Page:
This short and not-too-sweet post is an addendum to my guest editorial that was published here in McKnight’s on Friday, July 24th.
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The idea that I am being ripened, that I could be the seed pod for some, as yet undefined, new life form, intrigues me.
How we perceive aging and the viability of older adults determines our willingness –– or reluctance –– to tackle social inequity, lack of access to services and opportunities, and other common challenges our elders face.
In my last post I criticized the Australian Financial Review for its characterization of people living with dementia, and of our aging population in general. Now that the furor over that article has subsided somewhat, it’s time to tackle that deeper concern.
I’m not sure what the goal of the 2015 White House Conference on Aging was—but if it was to have participants leave energized and ready to take on the challenges, alas, I fear it did not succeed.
I would be (and have been) sorely disappointed if I let my fear of death keep me from being happy in this life.
The Green House Project’s landmark approach to skilled nursing care will be highlighted at the White House Conference on Aging.
Over the next few weeks I will be exploring a few of aging’s most important superpowers. Yeah, you read that right– superpowers.
This Fourth of July lets declare independence from ageism! It won’t be an easy revolution. Like the colonial British Empire, ageism won’t roll over without a fight.
On February 4, 1974, the night Patty Hearst was kidnapped by the Symbionese Liberation Army, I was a 23-year-old Soto Zen Buddhist monastic novitiate, studying under the auspices of Reverend Master Jiyu Kennett, Roshi of Shasta Abbey, Mt. Shasta, California.
When science and spirituality are joined in the service of healing an elder’s body and honoring an elder’s soul, there is no more potent protocol humanity can devise.
Seattle musician Jennifer Kelly writes songs focused on human experiences of love, loss and change such as her battle with cancer and her father’s journey living with dementia.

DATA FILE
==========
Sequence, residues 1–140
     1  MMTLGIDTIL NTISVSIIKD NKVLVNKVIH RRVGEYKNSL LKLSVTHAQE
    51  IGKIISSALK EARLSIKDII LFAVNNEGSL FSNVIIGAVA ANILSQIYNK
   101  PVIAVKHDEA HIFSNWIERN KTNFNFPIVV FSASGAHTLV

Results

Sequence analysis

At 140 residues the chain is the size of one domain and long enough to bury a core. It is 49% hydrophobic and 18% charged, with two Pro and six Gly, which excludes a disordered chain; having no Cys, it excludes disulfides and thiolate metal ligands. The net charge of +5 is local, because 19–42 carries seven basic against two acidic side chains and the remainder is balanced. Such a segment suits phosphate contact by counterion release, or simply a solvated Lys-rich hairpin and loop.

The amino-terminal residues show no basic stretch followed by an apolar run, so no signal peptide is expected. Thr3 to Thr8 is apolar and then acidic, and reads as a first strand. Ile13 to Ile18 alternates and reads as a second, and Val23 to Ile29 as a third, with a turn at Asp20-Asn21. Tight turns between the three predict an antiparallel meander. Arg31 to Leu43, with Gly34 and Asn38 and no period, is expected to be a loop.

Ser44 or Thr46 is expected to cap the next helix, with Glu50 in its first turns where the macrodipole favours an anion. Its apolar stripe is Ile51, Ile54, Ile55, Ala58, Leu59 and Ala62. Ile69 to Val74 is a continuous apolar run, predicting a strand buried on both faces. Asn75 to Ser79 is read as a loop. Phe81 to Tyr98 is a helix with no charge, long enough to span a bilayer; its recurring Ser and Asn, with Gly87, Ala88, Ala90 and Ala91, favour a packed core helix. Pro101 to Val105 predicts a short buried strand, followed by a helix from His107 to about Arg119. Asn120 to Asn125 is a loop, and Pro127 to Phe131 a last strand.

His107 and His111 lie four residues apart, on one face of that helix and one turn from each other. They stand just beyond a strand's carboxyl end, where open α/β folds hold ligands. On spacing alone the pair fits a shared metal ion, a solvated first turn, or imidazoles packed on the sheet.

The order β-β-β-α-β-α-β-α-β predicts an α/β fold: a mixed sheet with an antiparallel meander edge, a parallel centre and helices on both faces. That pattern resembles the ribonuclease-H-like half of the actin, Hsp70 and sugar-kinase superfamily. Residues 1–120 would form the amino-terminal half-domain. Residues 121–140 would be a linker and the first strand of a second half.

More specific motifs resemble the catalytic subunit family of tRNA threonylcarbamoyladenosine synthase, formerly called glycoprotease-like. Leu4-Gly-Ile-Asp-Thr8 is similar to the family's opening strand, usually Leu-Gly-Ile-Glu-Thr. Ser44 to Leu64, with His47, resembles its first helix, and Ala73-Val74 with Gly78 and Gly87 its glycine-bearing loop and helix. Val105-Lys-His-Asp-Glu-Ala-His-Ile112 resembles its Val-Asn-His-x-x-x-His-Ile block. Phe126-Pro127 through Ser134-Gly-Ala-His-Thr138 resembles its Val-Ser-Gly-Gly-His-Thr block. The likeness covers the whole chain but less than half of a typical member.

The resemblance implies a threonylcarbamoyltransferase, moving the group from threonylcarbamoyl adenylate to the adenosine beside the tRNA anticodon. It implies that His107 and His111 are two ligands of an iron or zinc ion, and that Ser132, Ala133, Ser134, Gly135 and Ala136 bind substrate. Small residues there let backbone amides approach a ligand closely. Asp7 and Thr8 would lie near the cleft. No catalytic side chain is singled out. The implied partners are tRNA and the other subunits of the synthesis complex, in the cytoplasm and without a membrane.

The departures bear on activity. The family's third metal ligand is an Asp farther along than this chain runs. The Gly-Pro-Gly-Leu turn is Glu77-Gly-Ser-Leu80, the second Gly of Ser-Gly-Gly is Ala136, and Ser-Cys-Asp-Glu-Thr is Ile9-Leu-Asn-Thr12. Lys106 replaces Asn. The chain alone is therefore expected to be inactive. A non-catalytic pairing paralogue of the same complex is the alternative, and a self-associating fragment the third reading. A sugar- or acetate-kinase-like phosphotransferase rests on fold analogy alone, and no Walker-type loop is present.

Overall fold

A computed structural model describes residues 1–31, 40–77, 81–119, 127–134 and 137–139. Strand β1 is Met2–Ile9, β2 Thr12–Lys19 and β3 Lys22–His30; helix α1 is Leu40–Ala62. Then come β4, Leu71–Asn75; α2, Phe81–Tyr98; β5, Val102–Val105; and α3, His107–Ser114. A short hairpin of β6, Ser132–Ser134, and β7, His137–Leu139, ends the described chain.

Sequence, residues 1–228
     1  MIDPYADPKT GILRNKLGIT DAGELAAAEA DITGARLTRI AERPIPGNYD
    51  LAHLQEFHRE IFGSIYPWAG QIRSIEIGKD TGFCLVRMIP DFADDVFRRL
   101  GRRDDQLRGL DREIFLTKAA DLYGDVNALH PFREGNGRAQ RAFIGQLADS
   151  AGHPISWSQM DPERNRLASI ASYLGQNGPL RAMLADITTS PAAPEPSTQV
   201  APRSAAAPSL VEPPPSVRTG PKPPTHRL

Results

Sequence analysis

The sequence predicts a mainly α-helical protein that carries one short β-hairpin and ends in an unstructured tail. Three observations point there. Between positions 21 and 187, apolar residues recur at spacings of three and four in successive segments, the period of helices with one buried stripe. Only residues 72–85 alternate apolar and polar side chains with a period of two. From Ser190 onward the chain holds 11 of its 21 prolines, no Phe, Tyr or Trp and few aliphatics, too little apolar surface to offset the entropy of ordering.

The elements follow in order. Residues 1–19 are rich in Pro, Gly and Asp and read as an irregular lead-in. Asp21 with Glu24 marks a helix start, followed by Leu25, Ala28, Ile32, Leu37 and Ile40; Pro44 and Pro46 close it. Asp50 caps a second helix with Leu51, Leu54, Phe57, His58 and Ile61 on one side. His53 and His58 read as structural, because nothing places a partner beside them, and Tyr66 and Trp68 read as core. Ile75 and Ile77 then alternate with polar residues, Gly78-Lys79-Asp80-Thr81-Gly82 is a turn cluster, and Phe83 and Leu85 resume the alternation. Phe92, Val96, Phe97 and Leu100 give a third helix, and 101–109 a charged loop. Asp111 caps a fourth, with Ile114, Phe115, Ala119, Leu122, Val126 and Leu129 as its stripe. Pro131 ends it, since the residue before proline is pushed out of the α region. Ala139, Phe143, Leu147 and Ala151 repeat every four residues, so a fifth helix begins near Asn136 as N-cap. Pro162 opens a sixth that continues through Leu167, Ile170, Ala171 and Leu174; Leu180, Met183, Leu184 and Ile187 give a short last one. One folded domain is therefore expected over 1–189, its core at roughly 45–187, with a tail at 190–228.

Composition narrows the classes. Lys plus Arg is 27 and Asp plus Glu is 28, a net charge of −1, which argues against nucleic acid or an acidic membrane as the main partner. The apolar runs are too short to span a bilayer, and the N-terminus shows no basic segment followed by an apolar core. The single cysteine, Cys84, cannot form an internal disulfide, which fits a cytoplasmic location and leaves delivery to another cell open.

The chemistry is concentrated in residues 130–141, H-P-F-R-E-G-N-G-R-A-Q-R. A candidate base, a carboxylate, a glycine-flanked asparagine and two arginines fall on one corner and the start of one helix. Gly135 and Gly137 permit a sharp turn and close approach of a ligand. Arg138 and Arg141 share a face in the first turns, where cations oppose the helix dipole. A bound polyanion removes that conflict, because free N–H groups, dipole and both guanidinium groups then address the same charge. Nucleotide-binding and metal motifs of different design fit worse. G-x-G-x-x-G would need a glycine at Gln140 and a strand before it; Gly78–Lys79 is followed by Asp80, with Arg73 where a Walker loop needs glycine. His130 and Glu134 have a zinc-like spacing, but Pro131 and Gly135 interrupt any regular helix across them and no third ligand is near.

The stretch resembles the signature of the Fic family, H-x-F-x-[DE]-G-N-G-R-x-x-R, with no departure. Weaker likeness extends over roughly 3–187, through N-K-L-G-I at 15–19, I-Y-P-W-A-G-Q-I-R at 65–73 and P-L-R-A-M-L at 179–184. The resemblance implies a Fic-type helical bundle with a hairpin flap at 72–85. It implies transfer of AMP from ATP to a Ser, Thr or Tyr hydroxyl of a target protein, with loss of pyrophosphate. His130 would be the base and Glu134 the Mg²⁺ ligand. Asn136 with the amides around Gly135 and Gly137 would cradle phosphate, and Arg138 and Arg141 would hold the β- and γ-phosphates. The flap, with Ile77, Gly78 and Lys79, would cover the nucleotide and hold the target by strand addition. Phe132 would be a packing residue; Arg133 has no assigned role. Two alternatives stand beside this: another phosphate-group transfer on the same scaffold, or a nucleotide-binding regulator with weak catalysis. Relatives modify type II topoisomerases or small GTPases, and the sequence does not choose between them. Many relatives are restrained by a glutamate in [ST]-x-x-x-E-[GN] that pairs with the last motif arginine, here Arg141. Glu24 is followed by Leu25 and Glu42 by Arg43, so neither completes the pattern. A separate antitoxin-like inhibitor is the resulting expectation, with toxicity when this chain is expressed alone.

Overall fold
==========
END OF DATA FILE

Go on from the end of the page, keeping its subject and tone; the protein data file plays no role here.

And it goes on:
Being in the way used to be a slur that was aimed at old people. I intend to turn it into a calling, a chance to be true to what matters, a personal responsibility.
Last week I came across the most irresponsible, ill-informed, and inflammatory bit of writing I have ever seen on the topic of dementia.
Taking a mid-way break from his Age of Disruption 2015 US tour, Dr Bill Thomas visits the United Kingdom June 15-19 to challenge ageing stereotypes and talk about how organizations can meet the needs of a savvy older consumer.
It’s time we turn the tide on the silver tsunami myth and find a different metaphor, one that accurately reflects the huge assets older adults bring to all aspects of life.
There seems to be a relationship between grief and praise. I am finding that I am experiencing more loss, thus more grief, as I am coming back to life.
I believe our top priority is to build all inclusive communities, both for our aging population in general, as well as those living with changing cognitive abilities of all kinds. Here’s why:
We’ve performed “Life’s Most Dangerous Game” in 15 cities. We’ve got a pretty good handle on what we’re doing by now, except for one thing–what do we call it?
I promised to follow-up with additional blog posts about my experience at the Alzheimer’s Disease International 2015 conference in Perth, Western Australia. Here is a quick post with full video from my plenary session.
Here are three analog habits that are simple and low-tech and reflect values that worked well in the past and can still apply today.